For the first time in more than two years, overall inflation didn’t rise at all in July. It’s another early sign that the white-hot inflation that has plagued the economy could be abating. Meanwhile, several data points offer a muddled picture, at best, of where the economy is headed.

Consumer Price Index shows prices in July increased 8.5 percent over the past year. Even consumers are telling the Fed that their long-term fears of inflation are subsiding. The latest Consumer Price Index data showed prices in June increased by 0.2 percent. The July increase reflects price spikes from previous months.

Consumer spending is slowing but still strong. There was no change in prices from June. “We are turning the corner on inflation,” Moody’s Analytics Chief Economist Mark Zandi says. The new report is a welcome development for the White House. It follows recent legislative victories that Democrats say will fight inflation.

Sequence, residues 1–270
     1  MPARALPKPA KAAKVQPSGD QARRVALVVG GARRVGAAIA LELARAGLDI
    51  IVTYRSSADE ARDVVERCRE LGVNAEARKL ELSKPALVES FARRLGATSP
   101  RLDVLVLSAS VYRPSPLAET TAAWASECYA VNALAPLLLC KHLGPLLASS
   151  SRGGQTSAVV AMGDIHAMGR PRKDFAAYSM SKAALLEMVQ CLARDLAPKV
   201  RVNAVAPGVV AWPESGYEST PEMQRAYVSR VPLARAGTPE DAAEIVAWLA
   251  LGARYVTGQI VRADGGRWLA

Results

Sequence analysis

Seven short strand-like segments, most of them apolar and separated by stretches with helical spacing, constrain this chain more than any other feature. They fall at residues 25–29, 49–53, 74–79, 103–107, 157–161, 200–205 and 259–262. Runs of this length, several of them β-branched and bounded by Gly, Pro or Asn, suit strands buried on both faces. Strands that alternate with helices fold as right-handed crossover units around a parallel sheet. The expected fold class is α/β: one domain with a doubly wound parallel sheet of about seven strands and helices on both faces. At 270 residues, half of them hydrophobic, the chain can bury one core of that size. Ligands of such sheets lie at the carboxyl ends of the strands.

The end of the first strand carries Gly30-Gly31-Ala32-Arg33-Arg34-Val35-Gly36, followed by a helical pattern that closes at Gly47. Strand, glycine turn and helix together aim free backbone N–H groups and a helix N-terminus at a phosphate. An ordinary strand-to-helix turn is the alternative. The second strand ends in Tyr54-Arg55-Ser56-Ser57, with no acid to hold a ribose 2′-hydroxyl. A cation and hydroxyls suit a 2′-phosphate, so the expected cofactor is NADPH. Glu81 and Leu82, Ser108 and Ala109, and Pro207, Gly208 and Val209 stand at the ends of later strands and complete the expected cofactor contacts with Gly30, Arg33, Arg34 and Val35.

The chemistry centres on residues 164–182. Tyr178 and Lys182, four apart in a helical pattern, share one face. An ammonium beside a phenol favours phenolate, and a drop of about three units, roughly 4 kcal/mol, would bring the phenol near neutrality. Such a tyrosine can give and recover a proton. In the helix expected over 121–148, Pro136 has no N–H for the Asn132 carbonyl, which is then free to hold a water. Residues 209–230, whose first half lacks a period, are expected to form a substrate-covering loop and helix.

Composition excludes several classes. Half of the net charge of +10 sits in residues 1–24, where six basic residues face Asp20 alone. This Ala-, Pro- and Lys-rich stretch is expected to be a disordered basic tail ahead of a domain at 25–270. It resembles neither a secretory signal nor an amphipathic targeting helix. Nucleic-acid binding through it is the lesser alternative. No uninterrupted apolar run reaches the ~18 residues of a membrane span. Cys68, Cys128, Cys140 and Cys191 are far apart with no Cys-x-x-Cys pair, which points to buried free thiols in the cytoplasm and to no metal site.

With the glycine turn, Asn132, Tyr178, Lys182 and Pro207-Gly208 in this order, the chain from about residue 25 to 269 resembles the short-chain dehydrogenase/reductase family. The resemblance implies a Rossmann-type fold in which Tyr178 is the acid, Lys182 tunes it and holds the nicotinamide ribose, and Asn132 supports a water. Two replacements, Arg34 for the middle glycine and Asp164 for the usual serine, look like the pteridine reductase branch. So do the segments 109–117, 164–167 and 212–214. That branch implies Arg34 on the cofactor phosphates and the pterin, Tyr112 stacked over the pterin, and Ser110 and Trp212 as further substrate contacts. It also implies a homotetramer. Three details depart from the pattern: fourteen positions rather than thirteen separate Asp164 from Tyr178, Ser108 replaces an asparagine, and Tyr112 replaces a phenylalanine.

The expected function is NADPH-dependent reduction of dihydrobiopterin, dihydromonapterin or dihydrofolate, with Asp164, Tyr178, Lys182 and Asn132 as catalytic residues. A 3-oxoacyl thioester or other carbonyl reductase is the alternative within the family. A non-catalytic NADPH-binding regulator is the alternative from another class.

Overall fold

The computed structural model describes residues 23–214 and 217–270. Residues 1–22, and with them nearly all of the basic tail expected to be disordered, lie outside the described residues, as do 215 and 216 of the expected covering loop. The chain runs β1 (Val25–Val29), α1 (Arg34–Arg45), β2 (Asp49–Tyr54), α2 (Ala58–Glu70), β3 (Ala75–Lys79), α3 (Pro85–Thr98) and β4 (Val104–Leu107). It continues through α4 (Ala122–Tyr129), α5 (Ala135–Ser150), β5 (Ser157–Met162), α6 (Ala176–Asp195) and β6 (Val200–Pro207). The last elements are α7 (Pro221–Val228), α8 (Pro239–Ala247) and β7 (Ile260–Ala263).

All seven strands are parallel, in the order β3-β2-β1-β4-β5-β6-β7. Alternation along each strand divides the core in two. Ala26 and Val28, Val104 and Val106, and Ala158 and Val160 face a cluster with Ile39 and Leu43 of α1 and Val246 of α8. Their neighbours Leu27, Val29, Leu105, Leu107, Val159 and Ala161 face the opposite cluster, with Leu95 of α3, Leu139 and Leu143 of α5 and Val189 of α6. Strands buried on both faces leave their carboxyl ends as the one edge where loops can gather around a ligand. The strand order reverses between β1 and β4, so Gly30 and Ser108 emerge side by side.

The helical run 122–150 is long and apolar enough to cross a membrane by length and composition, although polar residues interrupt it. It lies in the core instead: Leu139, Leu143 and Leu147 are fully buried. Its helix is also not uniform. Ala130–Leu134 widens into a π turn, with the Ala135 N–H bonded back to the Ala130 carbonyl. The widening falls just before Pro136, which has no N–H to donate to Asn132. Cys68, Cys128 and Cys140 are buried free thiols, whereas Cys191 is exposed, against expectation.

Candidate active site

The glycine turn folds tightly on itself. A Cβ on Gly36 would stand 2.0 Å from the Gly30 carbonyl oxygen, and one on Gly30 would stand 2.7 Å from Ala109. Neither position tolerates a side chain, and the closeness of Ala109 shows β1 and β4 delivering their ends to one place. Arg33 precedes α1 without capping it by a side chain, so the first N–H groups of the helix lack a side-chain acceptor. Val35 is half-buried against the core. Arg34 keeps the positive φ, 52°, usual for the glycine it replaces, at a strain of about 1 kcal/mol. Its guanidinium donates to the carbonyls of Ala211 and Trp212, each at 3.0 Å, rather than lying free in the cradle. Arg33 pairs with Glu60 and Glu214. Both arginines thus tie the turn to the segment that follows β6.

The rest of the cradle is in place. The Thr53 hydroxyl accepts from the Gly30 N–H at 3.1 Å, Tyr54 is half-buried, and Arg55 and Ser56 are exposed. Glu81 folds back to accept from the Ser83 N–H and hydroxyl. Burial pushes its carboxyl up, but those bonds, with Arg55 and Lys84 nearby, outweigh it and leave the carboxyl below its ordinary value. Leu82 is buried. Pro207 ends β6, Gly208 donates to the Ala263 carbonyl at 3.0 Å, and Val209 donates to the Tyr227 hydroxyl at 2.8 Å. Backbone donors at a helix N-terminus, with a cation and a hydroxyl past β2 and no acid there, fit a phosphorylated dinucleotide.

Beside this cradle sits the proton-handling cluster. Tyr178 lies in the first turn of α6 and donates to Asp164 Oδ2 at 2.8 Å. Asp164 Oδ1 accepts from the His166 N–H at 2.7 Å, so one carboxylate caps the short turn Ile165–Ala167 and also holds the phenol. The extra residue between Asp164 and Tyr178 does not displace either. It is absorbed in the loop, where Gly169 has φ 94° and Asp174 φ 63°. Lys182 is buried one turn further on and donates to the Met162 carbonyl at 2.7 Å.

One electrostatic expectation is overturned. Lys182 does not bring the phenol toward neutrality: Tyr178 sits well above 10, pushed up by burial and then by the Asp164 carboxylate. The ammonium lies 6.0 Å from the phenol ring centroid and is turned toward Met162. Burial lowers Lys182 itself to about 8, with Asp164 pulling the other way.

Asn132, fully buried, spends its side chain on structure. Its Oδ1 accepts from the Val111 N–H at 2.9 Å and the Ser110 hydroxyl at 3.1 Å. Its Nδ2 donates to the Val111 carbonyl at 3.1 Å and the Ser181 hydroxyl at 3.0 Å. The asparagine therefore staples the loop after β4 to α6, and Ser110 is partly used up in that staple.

New survey data published by the New York Fed on Monday found that consumers are softening expectations that runaway prices will continue to eviscerate their paychecks. Those expectations play a key role in the central bank’s decisions on how much to raise rates. It could also blunt Republican attacks that the administration — and the Fed — vastly miscalculated the rise in the cost of living.

Americans now expect gas prices to rise 1.5 percent — compared to 5.7 percent just a month ago. Food prices are expected to rise 6.7 per cent, a decline of 2.5 percentage points. “Even if it comes down a little bit, it’s still going to be bad,” Sen. Rick Scott of Florida said.
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